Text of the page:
Fig. 7 is a fragmentary view partly in section showing how the control wedge tightens the plunger, when it comes into contact with the cylinder or head of the syringe.

Fig. 8 is a cross-section view of the control wedge shown on the plunger rod of a syringe in which the plunger rod has a small diameter, as in metal and cartridge type syringes, with reduced head opening and rubber pistons.

Fig. 9 is a fragmentary elevation of a syringe, showing the control wedge, plunger and cylinder in cross-section as a milled piston and cylinder.

Similar numbers refer to similar parts in all the figures.

The control wedge i2 is attached to the plunger ill at any required position by tension spring ll, or clasp spring which may be enclosed in a ring [4, shown in Fig. 3, or it may be simply 3 a coiled spring as in Fig. 4, or simply a spring clip as shown in Fig. 1.

The control wedge I2 is very thin at its apex, and tapered rearwardly so that it may enter in the space between the circumference of the plunger 18 and the inner wall of the cylinder l3 and tighten as plunger advances.

As soon as the wedge enters the cylinder or head the increased resistance to the further movement of the plunger or rod can be immediately felt by the operator, and a further pressure will sufiice to tighten the plunger in the cylinder or head of the syringe and thereby maintain the internal pressure of the fluid against the counter pressure of the body. After engagement of control wedge the cannula can be withdrawn from the body at any dosage index or the plunger piston may be advanced under increased pressure and stopped when desired without contamination of the medicant in the syringe.

Having thus explained my invention, I claim:

In a syringe, the combination with a syringe cylinder and plunger therein of a wedge, clipped to the plunger by an encircling spring, the apex of the Wedge pointing towards the cylinder, one side of the wedge parallel to and adjacent to the plunger, a space between the plunger and plunger guide in the cylinder cap suflicient to allow the apex of the wedge to enter between them when the plunger is pressed into the cylinder for the purpose of locking the syringe, substantially 5 as described.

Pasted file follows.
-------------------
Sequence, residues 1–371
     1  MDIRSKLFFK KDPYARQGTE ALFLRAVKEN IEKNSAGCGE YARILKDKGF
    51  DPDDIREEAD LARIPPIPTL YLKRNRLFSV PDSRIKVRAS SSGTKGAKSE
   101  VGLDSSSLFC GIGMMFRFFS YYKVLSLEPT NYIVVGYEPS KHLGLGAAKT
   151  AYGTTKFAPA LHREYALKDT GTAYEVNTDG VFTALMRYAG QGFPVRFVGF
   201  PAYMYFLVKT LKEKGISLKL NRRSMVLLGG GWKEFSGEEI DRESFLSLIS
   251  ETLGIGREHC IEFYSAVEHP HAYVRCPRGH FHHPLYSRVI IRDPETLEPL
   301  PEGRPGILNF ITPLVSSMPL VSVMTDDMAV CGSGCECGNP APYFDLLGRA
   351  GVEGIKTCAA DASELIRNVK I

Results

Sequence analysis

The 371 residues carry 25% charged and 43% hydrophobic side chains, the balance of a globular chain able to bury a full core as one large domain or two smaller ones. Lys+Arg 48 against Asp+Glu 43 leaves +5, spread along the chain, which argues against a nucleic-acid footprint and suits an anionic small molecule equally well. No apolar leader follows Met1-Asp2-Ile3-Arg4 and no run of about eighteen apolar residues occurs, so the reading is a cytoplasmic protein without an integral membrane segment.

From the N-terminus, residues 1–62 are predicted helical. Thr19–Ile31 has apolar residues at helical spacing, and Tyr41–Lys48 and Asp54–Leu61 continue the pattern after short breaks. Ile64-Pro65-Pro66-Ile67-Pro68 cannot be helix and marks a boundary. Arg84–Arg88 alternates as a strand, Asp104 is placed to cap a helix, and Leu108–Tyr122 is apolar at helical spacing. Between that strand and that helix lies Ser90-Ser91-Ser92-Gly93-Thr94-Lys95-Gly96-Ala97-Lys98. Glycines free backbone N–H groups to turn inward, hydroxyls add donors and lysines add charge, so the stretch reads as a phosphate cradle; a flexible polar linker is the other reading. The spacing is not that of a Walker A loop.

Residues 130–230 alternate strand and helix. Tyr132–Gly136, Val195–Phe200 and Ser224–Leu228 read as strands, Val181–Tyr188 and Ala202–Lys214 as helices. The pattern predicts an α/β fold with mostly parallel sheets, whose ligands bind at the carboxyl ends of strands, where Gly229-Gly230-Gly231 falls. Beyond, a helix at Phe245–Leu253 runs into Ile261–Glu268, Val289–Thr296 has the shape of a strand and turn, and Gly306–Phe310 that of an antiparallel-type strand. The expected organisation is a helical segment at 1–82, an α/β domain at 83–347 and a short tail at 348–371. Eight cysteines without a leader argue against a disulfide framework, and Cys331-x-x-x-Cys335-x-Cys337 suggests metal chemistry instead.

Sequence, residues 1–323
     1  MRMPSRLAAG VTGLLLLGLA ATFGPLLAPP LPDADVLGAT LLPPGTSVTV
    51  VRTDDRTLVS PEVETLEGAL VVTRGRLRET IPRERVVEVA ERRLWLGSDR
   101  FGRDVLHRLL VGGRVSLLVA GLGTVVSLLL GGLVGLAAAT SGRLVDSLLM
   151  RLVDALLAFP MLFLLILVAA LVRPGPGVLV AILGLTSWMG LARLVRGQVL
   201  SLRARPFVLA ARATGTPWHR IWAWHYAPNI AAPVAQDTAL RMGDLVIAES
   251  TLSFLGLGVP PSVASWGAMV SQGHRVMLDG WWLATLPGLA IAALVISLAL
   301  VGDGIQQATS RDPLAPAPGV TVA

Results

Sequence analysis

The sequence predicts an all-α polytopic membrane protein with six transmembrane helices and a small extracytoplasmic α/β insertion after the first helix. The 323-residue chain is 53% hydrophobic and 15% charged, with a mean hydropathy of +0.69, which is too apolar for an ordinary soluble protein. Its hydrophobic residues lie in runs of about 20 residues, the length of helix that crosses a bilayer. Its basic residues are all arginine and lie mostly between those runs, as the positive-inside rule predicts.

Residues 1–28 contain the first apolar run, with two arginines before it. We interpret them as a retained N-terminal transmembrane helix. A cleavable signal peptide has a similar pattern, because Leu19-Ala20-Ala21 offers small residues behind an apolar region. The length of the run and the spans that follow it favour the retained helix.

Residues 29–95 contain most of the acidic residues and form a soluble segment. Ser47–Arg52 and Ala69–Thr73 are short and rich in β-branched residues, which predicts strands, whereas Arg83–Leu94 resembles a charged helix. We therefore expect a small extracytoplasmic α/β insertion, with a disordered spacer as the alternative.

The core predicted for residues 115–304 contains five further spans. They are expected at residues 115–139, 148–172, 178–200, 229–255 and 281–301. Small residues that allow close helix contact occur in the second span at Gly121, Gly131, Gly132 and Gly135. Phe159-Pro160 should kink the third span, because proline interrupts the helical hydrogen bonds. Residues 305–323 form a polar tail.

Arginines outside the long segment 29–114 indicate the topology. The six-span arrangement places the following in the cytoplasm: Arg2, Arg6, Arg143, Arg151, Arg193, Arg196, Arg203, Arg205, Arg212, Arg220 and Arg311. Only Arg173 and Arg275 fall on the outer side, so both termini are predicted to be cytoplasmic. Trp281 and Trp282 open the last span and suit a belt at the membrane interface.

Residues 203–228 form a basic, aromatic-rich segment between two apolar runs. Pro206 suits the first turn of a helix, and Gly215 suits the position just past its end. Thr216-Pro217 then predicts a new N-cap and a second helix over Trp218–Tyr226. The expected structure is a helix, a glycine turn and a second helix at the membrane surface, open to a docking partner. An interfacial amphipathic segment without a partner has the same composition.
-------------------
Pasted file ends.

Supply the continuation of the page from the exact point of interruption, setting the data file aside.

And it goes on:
Referenced by
Citing PatentFiling datePublication dateApplicantTitle
US2855928 *Jul 12, 1957Oct 14, 1958Central Scient CoSyringe device for supplying repeatable sample volumes
US3297031 *Feb 7, 1966Jan 10, 1967Henry F BraySuppository applicator
US3452616 *Aug 24, 1967Jul 1, 1969Deere & CoControl mechanism
US4386606 *Nov 28, 1980Jun 7, 1983Waters Instruments, Inc.Syringe lock
US4730624 *Aug 22, 1983Mar 15, 1988Becton, Dickinson And CompanyDevice and method for drawing a blood sample
US4874385 *Dec 16, 1987Oct 17, 1989Sherwood Medical CompanyPlunger lock device
US4961728 *Dec 30, 1988Oct 9, 1990Becton, Dickinson And CompanySingle-use syringe having misuse resistant features
US4973310 *Dec 30, 1988Nov 27, 1990Becton, Dickinson And CompanySingle-use syringe
US5000737 *Jul 26, 1990Mar 19, 1991Program For Appropriate Technology In Health (Path)Single use disposable syringe
US5951526 *Sep 24, 1997Sep 14, 1999Korisch; MarinaSyringe holder with integral dose divider
US8926628 *May 4, 2010Jan 6, 2015Abbott Medical Optics Inc.Multi-action device for inserting an intraocular lens into an eye
US20070073226 *Dec 9, 2005Mar 29, 2007John PolidoroSyringe
US20080171969 *Dec 20, 2004Jul 17, 2008Id-Tech LimitedSyringe
US20100217274 *Aug 26, 2010Abbott Medical Optics Inc.Multi-action device for inserting an intraocular lens into an eye
DE3526698A1 *Jul 25, 1985Feb 6, 1986Mitsubishi Pencil CoSpritze
EP0308040A1 *Jun 30, 1988Mar 22, 1989PathSingle use disposable syringe
EP0376697A2 *Dec 27, 1989Jul 4, 1990Becton Dickinson and CompanySingle-use syringe having mis-use resistant features
EP0376698A2 *Dec 27, 1989Jul 4, 1990Becton Dickinson and CompanySingle-use syringe
WO1989002287A1 *Sep 18, 1987Mar 23, 1989Free Michael JSingle use disposable syringe
U.S. Classification604/220, 74/531, 222/309
International ClassificationA61M5/315
Cooperative ClassificationA61M5/31561, A61M5/3158, A61M5/31563, A61M2005/31508, A61M5/31555, A61M5/31591
European ClassificationA61M5/315F3A